Egyptian collars are heavy. To improve comfort and wearability, the ancient Egyptians added a counterpoise to the broad collar. This piece hangs between the shoulder blades and serves two purposes: it offsets the weight of the front of the collar, making it more comfortable and stable; and symbolically it protects the wearer from danger from behind.

I may reweave the top of the arch to make it smoother, if time permits.

In Process: Small Components

Vintage Czech glass beads: plausible fake hieroglyphs with netted bezels. They look like names of pharoahs but they’re not.
Small glass scarabs made in post-war Japan, with peyote bezels using 15/0 Delica beads. I’m going to need new glasses.
Kitty shens: the Egyptian hieroglyph for “eternity” is a an underlined circle. Egyptologists believe that it represents the path of the sun and the limitless horizon. The cats are my addition. Nine eternal lives are even better,

Framing the Eye of Ra

Before I can start assembling the rows of small components, I have to build the vertical frames around the Eye of Ra. Their purpose is twofold: to stabilize and center the Eye within the collar, and to anchor the rows.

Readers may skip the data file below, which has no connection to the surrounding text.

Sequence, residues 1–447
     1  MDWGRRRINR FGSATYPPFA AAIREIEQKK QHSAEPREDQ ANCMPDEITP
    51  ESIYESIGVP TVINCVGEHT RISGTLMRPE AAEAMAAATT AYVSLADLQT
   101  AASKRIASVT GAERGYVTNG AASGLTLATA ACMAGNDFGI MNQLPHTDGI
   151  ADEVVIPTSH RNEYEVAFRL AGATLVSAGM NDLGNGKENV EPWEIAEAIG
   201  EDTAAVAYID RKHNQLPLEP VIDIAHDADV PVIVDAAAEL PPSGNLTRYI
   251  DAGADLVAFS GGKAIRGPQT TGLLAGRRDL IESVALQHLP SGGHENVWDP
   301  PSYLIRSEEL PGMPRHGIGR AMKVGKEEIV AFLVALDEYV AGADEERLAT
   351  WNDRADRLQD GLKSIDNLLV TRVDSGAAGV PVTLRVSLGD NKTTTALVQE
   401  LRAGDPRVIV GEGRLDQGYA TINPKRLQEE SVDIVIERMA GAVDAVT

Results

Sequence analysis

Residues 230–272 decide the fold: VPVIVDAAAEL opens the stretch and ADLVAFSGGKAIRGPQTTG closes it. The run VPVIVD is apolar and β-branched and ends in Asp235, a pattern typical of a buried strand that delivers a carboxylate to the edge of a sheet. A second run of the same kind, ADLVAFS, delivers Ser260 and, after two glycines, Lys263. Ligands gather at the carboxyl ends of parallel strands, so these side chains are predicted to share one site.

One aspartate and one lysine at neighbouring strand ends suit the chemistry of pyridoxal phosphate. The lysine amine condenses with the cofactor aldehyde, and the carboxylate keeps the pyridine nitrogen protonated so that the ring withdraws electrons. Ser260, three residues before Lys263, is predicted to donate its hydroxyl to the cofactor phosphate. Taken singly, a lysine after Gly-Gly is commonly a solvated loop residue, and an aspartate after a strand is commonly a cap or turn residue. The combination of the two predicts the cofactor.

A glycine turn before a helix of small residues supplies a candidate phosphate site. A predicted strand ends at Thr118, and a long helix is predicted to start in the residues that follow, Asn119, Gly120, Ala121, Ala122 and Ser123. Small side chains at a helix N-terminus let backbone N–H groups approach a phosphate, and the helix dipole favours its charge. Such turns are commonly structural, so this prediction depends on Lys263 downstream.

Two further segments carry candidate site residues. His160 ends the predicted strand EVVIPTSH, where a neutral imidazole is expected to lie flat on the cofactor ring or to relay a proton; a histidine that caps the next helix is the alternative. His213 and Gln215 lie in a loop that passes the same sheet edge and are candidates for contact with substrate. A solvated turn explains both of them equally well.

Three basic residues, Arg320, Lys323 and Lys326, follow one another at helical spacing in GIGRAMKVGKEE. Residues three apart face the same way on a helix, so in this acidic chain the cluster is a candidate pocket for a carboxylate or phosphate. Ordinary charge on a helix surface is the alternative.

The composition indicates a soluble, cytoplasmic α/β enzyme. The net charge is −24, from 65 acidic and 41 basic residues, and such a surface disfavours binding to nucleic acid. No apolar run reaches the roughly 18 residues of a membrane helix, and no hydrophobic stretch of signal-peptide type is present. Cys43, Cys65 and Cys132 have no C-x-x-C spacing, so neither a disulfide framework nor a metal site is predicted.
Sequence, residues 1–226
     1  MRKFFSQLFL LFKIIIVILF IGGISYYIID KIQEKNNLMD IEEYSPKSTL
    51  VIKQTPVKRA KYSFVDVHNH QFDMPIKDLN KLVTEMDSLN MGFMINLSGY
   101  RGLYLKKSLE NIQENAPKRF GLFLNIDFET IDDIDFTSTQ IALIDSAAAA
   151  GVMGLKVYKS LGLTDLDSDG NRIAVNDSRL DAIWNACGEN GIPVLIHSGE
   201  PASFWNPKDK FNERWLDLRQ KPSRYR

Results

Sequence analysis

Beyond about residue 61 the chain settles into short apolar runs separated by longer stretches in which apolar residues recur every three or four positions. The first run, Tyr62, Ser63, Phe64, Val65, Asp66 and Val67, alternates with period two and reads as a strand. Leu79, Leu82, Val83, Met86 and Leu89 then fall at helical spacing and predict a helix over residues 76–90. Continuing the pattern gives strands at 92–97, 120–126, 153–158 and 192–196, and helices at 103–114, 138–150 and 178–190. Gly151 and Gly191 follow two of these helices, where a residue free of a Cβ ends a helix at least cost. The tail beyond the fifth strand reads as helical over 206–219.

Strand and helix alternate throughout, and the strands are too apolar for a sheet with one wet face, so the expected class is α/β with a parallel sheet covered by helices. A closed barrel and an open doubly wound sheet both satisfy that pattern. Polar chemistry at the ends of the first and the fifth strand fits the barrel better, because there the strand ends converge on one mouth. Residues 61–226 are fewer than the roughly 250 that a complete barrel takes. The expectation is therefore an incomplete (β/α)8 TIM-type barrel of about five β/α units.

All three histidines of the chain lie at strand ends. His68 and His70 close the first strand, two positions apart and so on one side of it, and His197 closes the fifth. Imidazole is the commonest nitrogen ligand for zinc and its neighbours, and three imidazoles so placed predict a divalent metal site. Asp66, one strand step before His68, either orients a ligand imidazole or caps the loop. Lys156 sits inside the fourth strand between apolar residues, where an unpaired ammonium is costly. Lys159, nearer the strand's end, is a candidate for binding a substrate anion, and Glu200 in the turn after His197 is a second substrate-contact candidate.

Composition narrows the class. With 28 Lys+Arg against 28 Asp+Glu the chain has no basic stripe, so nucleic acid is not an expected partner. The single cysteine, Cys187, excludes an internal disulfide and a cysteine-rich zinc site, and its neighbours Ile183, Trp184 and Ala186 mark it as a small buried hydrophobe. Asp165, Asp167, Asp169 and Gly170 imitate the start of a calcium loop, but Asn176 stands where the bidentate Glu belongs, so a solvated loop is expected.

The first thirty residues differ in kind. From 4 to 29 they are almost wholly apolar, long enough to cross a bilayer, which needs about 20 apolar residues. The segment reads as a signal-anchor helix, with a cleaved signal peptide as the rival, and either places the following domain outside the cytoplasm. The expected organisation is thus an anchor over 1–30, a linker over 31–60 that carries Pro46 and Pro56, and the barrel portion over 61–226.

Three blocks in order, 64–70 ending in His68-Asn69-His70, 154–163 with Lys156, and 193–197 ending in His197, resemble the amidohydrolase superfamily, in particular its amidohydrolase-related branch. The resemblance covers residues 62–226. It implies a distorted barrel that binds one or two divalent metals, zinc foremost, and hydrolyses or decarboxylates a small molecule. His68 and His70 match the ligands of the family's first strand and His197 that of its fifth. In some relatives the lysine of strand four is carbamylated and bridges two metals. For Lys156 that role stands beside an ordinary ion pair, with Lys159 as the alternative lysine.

The vertical bars are 50 units of cubic right angle weave, two rows deep (to match the depth of Egyptian Squib).

I haven’t decided how to anchor the little blue cat — she’ll get added after the small components are in place, and when I’ve added more “bracing” as necessary. The frame will look cleaner when I’ve added the trim beads to the bars (you can see the effect in the Eye itself).

Next: the vertical terminals for the back of the collar. They’ll be slightly more intricate, following the ancient Egyptian broad collar design.